All five Ultimatums were about the SPREAD of slavery, by force. And all five of these Ultimatums were a drastic and violent rebuttal of any pretext of "state's rights"

    In fact, the Five Ultimatums specifically said states had NO rights to make any laws whatsoever about any civil rights issue. States MUST accept slave owner's wishes on ANY matter relating to slaves, blacks, fugative slaves, or negroes generally.

    So there were no state's rights. There was only the right of slave owners to not only buy, sell, whip, torture, rape, their own slaves. They wanted total dictatorial power of OTHER states, to decide what all states, north and south, would do about "negro issues".

    The Five Ultimatums can only be described as insane -- but they where bragged about in Southern press. The didn't demand that the South be allowed to spread slavery -- no, it was crazier than that.

    The US government must spread slavery in Kansas, when Kansas had just rejected slavery 98% to 2%.

    But Southern leaders saw nothing insane about demanding, upon the implied promise of war (that is what Ultiimatum means) that Lincoln and the US governent force Kansas to "accept and respect" slavery.

    Southern leaders insisted slavery was "a Divine Gift" according to Davis, while Lee called slavery part of "the American Church". Spreading slavery was very much a religious issue, part of "the great mora truth" that God ordained white men to enslave black race -- world wide, according to VP Alexander Stephens.

    WHile the ULtimatums didn't mention God's will to spread slavery, the same men who believed in the ULtimatums, believed (or used as an excuse) the bs about God ordaining slavery.

    Go read the South's own Ultimatums, in their own newspapers, AT THE TIME.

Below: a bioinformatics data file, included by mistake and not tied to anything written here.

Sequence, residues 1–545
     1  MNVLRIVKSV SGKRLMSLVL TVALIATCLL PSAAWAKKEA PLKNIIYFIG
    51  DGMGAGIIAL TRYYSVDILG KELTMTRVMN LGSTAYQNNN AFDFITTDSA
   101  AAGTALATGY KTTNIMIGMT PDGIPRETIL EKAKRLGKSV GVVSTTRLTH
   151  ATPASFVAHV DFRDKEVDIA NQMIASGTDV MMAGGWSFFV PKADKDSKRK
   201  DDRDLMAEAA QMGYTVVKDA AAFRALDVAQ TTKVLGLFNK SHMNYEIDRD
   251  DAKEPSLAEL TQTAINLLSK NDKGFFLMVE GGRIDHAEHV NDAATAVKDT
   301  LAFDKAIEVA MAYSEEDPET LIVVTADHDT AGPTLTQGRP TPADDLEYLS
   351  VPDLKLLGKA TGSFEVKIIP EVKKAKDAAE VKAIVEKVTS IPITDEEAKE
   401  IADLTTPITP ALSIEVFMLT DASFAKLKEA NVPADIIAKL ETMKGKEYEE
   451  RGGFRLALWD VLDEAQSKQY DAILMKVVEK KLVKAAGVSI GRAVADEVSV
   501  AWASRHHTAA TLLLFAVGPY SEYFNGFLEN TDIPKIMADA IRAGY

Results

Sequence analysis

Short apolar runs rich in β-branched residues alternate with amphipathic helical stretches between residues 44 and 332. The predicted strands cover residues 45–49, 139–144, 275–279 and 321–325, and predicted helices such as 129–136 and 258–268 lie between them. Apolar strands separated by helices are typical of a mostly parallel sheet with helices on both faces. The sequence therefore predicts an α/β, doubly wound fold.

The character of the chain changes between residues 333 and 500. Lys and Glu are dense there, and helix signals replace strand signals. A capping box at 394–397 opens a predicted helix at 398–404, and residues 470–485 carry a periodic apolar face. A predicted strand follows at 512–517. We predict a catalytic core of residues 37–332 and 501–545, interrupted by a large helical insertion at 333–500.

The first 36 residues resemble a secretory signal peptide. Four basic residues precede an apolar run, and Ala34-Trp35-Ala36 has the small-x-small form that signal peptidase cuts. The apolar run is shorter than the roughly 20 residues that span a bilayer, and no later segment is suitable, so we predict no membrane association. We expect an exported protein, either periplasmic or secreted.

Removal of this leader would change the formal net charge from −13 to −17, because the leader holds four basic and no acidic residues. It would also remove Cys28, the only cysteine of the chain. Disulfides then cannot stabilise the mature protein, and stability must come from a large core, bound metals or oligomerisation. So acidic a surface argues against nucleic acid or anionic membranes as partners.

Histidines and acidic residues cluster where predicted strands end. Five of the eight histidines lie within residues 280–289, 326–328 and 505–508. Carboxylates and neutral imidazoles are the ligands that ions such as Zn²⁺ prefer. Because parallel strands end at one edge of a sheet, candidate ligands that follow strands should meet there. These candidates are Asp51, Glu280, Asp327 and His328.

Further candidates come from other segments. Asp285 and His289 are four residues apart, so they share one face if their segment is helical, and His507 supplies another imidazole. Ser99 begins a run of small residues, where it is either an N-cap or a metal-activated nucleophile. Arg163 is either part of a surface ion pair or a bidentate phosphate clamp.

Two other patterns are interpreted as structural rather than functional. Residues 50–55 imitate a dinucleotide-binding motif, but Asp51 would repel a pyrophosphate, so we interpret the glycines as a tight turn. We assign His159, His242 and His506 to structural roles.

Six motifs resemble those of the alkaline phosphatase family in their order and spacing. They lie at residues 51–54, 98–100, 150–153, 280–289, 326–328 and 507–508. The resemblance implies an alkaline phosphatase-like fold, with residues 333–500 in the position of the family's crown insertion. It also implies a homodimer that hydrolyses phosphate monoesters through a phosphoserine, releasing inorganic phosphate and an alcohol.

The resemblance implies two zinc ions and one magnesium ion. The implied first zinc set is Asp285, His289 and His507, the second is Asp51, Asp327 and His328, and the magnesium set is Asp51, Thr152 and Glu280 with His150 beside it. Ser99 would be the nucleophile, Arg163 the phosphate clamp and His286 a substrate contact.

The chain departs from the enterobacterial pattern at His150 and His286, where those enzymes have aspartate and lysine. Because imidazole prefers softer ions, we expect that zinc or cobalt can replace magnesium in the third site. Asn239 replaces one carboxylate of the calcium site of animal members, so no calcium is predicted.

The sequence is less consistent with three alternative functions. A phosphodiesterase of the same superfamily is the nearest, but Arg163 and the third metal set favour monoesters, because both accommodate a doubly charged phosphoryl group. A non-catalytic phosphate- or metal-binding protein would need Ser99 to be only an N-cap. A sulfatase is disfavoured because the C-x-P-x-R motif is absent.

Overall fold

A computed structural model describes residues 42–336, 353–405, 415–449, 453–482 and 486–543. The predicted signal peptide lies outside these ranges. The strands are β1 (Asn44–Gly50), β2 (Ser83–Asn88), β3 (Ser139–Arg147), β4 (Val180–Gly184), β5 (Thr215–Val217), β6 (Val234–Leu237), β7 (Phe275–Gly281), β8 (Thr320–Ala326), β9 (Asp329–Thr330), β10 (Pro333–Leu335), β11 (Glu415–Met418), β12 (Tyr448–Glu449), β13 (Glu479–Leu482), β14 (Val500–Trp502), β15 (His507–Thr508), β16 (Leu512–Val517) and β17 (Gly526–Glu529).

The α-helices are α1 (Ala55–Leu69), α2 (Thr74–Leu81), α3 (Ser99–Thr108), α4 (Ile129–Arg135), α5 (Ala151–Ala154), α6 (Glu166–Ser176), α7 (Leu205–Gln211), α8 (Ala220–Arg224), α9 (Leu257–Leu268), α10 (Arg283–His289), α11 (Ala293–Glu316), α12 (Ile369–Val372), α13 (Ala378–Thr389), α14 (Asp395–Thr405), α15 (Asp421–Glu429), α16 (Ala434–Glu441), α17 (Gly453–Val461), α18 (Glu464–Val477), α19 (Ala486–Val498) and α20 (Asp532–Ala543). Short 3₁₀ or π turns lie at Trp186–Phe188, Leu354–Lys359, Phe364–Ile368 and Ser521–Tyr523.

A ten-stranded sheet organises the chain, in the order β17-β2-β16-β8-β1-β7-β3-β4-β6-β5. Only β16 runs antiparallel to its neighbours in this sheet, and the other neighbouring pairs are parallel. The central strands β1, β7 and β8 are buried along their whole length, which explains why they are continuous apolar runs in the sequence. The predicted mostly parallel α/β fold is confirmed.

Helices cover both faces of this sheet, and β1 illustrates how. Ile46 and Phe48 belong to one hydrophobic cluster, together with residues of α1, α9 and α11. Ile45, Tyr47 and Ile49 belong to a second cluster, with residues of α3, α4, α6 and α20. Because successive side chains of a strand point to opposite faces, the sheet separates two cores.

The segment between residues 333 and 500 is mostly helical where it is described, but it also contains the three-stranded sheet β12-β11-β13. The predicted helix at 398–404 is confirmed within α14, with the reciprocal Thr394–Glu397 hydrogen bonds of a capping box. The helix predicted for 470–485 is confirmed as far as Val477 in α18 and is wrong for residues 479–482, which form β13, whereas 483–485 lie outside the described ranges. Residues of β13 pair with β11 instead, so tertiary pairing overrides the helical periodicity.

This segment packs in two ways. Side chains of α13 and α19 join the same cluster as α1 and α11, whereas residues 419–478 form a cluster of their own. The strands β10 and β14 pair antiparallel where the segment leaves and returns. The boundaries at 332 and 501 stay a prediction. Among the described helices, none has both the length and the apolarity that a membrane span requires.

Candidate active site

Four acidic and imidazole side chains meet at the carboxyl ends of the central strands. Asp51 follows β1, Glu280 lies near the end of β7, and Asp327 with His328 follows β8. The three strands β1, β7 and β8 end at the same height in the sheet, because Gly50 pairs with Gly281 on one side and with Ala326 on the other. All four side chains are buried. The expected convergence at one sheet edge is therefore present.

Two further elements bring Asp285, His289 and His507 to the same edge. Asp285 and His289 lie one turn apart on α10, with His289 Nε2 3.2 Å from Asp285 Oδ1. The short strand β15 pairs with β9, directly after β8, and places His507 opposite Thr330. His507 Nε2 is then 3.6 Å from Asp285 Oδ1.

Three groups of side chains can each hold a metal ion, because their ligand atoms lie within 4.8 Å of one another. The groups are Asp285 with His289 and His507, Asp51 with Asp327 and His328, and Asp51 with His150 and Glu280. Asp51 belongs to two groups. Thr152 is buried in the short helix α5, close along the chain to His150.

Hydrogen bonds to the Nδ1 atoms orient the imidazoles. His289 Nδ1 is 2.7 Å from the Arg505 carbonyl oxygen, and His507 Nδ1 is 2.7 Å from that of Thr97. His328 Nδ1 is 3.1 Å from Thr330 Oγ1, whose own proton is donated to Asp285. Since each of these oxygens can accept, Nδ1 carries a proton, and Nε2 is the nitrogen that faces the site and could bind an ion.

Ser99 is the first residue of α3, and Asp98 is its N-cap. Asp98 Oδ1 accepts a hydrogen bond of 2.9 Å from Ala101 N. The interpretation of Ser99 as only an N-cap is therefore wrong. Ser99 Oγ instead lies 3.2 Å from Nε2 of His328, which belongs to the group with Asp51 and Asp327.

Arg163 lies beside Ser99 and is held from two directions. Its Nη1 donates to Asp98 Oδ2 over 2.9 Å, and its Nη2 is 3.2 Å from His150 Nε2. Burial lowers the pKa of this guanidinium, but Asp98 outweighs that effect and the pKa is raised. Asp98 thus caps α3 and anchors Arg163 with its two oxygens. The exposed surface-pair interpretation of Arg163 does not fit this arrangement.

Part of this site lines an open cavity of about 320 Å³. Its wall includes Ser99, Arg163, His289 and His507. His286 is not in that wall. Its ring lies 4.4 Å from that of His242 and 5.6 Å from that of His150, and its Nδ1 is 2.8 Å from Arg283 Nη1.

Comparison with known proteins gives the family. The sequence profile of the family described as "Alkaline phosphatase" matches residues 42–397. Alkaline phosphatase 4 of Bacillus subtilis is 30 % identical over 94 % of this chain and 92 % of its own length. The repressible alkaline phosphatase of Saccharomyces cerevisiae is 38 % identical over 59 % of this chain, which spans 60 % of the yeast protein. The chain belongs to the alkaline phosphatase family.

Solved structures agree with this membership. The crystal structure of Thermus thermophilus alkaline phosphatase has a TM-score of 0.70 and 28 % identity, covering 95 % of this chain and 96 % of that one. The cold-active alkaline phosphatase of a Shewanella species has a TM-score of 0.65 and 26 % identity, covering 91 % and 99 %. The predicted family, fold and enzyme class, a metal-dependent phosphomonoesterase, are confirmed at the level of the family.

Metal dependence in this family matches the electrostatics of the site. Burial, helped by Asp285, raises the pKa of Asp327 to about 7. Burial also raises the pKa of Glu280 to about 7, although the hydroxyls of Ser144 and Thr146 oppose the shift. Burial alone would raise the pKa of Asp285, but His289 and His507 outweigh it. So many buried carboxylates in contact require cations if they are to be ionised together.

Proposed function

These ultimatums appeared in newspapers north and South. Importantly, these are not drunken shouts from intoxicated men caught up in the fever pitch hate party put on by the Southern leaders.

    These ultimatums, in fact, were the central demand made by the slave owners and Southern leaders for over a generation. They were the demands in 1820, when the North caved in during the "Capitulation of 1820" (euphemistically called Compromise). These were the demands in 1850 in that capitulation.

    The difference here in 1861, Lincoln could not capitulate. When Lincoln did not obey these insane demands, the South attacked.

    Learn the Southern Ultimatums issued by Southern leaders and reported in Southern newspapers AT THE TIME.


  5. Regarding letters by Sherman --

    the most interesting letters of the Civil War, to me, were written by Sherman to Hood during the Atlanta campaign.

    These letters show what Sherman thought the war was about -- without even mentioning slavery. Sherman gave a list of things the South did to start the war.

    Hood had written to Sherman, complaining personally about his (Sherman's) order to evacuate the women and children from Atlanta. Sherman wrote back, and more or less said, "Well, quit hiding behind the women and children, and we won't have to move them."

    It was the same letter that Sherman made up the remark "tell it to the marines," which I suppose started that quip.

    Sherman's letters were widely reported in Northern papers -- which is where I first saw them.

    Sherman's letters, the Southern Ultimatums, and the Gettysburg address, are three of the most important writings of the time, if you want to understand the mind set of the leaders involved, North and South.

  6. My favorite quote from Sherman's public statements, with regard to the burning of Atlanta: "War is cruelty and you cannot refine it."

    Sherman wanted to make sure that the South never forgot that lesson and never again even silently contemplated taking up arms against their fellow citizens.